Photo of elderly Singaporean with Lee Hsien Loong portrait

The Ministry of Finance yesterday (Jan 2) announced that 880,000 HDB households will receive GST vouchers between S$55 to S$95 for their utility bills this month (Jan). The utility rebates vouchers for utility rebate will cost the government only S$265 million in a year, or 0.56% of the S$47 billion GST revenue in 2017. Even with the cash voucher scheme that cost S$280 million in 2017, the payout to Singaporeans is only at 1.1% of the total GST payout.

According to government propaganda and ministers like Indranee Rajah in Dec, GST helps the poor. However, the only group directly helped by GST is the rich as income tax is correspondingly offset. With GST, foreign-sourced income are also not taxed in Singapore. For the poor, GST has only been proven to be regressive.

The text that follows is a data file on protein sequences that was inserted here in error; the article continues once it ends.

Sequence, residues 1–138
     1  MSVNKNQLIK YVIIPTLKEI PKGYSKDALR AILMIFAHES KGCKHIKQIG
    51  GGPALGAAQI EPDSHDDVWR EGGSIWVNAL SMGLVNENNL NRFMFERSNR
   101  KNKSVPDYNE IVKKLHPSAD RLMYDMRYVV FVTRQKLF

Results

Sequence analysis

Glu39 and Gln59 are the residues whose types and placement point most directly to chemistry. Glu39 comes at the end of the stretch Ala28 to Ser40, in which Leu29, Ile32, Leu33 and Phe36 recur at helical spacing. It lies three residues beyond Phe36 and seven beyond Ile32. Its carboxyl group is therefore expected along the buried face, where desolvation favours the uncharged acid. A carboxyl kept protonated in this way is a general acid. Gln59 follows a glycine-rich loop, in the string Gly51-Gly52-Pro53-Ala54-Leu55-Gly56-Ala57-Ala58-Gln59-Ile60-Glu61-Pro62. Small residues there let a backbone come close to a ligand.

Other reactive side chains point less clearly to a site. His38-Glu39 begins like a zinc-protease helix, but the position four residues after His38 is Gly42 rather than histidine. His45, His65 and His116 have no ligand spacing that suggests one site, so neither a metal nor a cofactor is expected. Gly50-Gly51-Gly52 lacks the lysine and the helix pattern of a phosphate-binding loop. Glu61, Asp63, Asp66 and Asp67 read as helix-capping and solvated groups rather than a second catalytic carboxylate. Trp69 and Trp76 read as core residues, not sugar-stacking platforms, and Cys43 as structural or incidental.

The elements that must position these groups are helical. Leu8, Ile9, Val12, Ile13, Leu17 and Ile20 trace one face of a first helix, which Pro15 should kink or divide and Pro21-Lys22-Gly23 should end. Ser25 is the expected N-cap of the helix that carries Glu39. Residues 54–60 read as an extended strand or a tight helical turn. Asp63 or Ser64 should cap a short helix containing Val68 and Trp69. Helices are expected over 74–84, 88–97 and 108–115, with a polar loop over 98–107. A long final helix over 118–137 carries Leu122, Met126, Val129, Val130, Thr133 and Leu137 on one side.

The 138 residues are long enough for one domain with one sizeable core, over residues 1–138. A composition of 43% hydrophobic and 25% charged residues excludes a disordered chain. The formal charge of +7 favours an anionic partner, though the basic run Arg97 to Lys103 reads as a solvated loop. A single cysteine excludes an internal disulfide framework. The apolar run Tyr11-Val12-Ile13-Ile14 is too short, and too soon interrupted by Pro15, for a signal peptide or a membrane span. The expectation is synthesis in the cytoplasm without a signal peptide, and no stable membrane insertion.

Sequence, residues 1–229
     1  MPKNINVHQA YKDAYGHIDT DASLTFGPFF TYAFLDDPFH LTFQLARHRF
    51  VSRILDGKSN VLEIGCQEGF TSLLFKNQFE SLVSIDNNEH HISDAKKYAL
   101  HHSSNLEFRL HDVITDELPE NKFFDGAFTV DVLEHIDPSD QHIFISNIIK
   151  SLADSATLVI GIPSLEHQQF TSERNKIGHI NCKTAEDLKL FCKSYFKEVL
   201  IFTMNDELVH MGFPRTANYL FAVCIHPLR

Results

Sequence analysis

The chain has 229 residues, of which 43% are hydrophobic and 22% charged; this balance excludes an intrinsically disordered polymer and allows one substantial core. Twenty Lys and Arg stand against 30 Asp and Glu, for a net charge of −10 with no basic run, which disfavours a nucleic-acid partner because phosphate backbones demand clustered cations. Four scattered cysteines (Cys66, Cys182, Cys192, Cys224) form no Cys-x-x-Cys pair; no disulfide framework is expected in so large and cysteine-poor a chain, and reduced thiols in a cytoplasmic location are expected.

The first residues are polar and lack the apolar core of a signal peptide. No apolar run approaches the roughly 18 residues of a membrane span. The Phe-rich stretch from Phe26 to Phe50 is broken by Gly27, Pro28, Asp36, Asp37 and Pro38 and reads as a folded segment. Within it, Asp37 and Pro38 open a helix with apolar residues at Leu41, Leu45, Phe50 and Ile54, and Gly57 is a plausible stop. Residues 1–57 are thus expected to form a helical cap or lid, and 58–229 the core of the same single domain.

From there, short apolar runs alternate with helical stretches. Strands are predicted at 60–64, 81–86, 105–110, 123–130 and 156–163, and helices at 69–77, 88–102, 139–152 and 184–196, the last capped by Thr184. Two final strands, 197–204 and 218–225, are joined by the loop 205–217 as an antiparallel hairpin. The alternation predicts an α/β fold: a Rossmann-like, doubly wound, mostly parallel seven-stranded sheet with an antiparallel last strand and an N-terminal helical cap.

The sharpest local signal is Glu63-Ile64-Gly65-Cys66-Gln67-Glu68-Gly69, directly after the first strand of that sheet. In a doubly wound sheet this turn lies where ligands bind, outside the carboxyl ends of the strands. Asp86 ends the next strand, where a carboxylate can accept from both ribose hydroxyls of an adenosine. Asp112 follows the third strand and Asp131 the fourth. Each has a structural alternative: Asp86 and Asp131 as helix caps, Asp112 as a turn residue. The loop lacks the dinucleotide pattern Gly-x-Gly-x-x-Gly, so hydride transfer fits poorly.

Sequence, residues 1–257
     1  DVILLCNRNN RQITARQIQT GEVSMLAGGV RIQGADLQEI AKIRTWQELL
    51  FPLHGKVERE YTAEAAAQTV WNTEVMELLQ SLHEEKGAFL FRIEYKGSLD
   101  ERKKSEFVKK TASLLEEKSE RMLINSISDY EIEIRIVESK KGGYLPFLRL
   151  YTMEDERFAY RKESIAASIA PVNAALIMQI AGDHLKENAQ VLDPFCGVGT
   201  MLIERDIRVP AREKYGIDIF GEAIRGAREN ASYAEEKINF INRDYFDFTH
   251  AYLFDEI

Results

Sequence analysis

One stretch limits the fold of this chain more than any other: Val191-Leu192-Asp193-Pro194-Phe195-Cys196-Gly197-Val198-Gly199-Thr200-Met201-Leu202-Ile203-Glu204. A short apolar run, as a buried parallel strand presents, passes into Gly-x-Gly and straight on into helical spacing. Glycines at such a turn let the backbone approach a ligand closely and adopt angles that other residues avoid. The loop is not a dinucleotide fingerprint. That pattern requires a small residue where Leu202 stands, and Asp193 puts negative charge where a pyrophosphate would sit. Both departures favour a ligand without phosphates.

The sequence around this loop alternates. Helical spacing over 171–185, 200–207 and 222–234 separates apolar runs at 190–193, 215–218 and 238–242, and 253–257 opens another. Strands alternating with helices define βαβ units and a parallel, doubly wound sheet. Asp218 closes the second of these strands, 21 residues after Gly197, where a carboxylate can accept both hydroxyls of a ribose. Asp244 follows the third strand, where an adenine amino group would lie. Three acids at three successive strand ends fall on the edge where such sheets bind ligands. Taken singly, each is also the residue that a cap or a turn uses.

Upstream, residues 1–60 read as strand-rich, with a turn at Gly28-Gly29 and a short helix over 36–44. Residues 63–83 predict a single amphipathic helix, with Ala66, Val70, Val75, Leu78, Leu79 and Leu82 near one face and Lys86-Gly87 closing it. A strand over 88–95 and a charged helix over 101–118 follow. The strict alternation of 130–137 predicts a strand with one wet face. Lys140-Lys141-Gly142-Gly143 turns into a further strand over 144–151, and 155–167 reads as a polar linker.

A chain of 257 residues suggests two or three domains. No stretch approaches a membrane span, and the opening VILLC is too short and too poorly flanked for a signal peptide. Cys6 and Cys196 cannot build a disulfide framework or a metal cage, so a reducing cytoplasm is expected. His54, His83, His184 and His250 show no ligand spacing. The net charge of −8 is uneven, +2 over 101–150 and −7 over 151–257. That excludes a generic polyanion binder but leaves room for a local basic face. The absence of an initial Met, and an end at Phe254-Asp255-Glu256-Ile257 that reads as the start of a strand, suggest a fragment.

A low income Singaporean living off S$1,000 a month on expenses spends about S$840 in GST in a year. However, the following 3 GST schemes below shows that he will only receive S$627 in return for 2017:

GST Cash and Medisave – S$500 (maximum payout)
U-Save voucher – S$127 (maximum payout of S$380 divided by average household occupancy of 3)

Graphics by Ministry of Finance
Graphics by Ministry of Finance

For the unemployed and retirees, GST is a full tax on them as they are unable to enjoy any income tax rebate.

Prime Minister Lee Hsien Loong has earlier hinted of a GST increase, with the new GST hike expected to be announced during the Budget next month in February. State media Straits Times consulted GST hike supporters saying that 1% increase “might not worth the political effort”, and hinted that Lee Hsien Loong might increase GST to 9% or 10%.

For every 1% increase in GST, an average Singaporean on a S$2,000 monthly income is expected to pay S$400 more each year. Singapore is currently the world’s most expensive country, and cost of living is likely to be more burdensome in 2018 following a slew of tax increase announcements.